Strip away the alphabet soup of regulations, and step behind the scenes of the massive industry-regulator compliance edifice, and what do you have?
The desire for the typical consumer to get a square deal. To give them financial services with something more to go on than “caveat emptor.”
Jo Ann Barefoot’s career has been devoted to compliance, from time as a regulator through several incarnations as a consultant, and, as well, a consumerist of sorts. In the course of researching a book about consumer protection and the financial crisis, and in surveying the growing role of disruptive technology in financial services, Barefoot draws two conclusions:
1. The job remains unfinished. For all the massive regulatory burdens on banking, and the money spent on them, and the volumes of disclosure documents dumped on customers, many consumers still got hurt. She gives the whole regulatory/compliance effort “a C+, at best.”
2. Rethink the tools in today’s framework. Increasingly, instead of seeking ways to impose compliance on disruptive new technology, “I felt that much of the solutions lay in the technology.”
Too much effort currently goes into using new technology to automate existing processes, says Barefoot. She thinks more time should be put into using technology to produce processes that are friendlier to consumers.
“The industry is trying to become more consumer centric,” Barefoot explains, “but it is still too product centric.”
Barefoot says that the regulatory burden makes innovation and customer communication difficult. “The industry is really struggling to be able to provide clarity and clear choices to consumers,” she explains.
The result: Products loaded with aspects consumers just don’t understand.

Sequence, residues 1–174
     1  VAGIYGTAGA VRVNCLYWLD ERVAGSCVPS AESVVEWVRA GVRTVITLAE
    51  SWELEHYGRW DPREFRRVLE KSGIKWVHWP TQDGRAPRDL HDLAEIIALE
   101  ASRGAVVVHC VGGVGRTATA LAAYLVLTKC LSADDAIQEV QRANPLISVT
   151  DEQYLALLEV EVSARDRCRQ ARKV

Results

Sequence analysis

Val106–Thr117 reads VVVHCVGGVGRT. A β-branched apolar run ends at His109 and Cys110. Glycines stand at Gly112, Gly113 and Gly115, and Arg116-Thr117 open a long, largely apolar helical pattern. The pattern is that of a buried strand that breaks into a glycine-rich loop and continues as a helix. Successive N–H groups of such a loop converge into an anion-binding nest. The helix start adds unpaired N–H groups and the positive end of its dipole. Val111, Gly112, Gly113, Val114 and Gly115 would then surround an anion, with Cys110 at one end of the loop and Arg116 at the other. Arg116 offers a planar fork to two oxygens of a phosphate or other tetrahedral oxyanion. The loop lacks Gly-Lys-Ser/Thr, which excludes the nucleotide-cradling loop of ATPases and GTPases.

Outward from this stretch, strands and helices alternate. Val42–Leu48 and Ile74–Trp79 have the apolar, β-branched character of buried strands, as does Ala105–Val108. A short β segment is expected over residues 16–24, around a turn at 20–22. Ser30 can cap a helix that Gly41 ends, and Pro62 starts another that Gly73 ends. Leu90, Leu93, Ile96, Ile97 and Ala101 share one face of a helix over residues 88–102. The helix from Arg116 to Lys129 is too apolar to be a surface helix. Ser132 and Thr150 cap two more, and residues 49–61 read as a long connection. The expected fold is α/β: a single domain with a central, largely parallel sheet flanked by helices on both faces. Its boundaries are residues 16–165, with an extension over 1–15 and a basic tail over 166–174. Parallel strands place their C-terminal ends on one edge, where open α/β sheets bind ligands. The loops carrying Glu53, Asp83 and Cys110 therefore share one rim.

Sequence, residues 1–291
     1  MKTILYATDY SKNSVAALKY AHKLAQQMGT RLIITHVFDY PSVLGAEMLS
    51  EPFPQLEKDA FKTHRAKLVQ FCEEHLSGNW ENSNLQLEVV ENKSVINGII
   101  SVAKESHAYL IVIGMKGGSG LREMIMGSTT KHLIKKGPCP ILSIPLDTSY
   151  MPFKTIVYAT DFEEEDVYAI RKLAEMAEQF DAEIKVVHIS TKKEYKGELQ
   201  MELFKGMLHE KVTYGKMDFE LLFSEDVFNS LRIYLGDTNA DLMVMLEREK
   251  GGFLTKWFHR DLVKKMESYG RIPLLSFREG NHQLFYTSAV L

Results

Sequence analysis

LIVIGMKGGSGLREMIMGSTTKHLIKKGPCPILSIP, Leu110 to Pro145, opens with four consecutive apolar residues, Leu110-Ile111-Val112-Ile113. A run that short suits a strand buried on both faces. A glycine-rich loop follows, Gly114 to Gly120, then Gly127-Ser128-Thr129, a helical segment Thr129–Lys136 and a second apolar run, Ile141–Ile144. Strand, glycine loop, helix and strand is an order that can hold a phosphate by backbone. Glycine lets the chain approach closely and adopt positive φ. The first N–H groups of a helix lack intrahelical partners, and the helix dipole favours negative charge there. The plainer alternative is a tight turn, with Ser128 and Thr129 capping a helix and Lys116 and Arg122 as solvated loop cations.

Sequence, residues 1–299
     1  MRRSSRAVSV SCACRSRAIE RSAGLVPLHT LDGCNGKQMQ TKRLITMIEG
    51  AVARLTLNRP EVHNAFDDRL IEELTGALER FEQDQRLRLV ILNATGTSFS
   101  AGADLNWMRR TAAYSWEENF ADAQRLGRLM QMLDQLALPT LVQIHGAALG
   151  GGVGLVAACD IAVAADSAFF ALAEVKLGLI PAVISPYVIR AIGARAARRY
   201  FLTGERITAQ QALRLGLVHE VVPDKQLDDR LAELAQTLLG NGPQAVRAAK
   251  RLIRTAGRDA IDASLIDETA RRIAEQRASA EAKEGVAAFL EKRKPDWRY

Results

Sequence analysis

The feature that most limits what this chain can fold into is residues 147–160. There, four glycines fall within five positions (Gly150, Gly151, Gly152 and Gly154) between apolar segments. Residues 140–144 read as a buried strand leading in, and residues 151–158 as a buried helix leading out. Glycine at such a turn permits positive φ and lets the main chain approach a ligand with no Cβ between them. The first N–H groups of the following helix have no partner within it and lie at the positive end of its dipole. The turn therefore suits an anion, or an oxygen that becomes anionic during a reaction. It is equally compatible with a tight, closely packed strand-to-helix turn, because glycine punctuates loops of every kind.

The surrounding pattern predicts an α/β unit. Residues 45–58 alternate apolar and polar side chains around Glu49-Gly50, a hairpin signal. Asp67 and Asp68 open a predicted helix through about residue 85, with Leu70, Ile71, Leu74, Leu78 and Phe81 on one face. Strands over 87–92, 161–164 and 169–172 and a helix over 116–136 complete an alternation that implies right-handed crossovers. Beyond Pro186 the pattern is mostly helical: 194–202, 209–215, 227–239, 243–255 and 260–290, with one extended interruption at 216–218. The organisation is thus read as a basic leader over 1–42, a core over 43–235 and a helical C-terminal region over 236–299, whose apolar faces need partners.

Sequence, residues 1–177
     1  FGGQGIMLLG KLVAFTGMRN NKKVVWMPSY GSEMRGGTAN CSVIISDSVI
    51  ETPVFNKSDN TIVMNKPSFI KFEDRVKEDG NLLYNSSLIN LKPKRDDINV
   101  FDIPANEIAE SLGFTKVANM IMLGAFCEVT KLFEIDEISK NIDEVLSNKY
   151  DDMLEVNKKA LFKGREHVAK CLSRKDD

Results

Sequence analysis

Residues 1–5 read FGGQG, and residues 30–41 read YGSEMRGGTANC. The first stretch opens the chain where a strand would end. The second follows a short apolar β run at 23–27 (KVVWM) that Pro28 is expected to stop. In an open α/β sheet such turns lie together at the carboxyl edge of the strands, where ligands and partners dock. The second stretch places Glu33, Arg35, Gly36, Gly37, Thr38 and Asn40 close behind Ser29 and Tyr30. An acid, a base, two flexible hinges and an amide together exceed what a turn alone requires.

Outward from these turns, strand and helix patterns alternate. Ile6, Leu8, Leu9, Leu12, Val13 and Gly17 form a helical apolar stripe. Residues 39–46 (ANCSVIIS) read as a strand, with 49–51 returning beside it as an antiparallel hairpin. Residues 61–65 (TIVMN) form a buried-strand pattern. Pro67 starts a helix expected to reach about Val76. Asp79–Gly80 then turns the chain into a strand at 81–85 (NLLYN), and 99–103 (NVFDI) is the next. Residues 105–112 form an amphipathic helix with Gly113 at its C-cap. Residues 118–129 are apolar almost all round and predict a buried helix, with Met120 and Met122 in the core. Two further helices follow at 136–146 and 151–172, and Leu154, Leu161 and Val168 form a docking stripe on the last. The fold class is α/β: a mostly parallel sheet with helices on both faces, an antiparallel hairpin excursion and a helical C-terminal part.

The solution, says Barefoot: “The mobile revolution will be the catalyst that will get new things moving.”
The voice that gives financial comfort
Barefoot sees the instant availability of mobile financial tools, including personal financial management apps; increasingly sophisticated behavioral science; big data; artificial intelligence; and natural language interface—think “Siri” with a financial degree—will enable banks to turn the compliance page.
Perhaps literally. That is, no more “page.”
One element of this will be putting financial literacy into the mobile device. Barefoot believes customers will be more engaged when financial literacy assistance is presented as needed, in the moment, rather than in courses given long before the need that most consumers find boring and that they avail themselves of sporadically.
A taste of the future, Barefoot says, may be seen in a company called Kenscho, backed by Goldman Sachs and Google Ventures. Founded out of MIT and Harvard, Kenscho has developed technology that allows computers to answer millions of investor questions. The technology has been likened to a Siri for investors, analysts, and traders.
Barefoot adds with a chuckle that another model might be along the lines of Carrot Fit, a mobile app described as “Your judgmental fitness overlord,” which insults users to drive them to better fitness.
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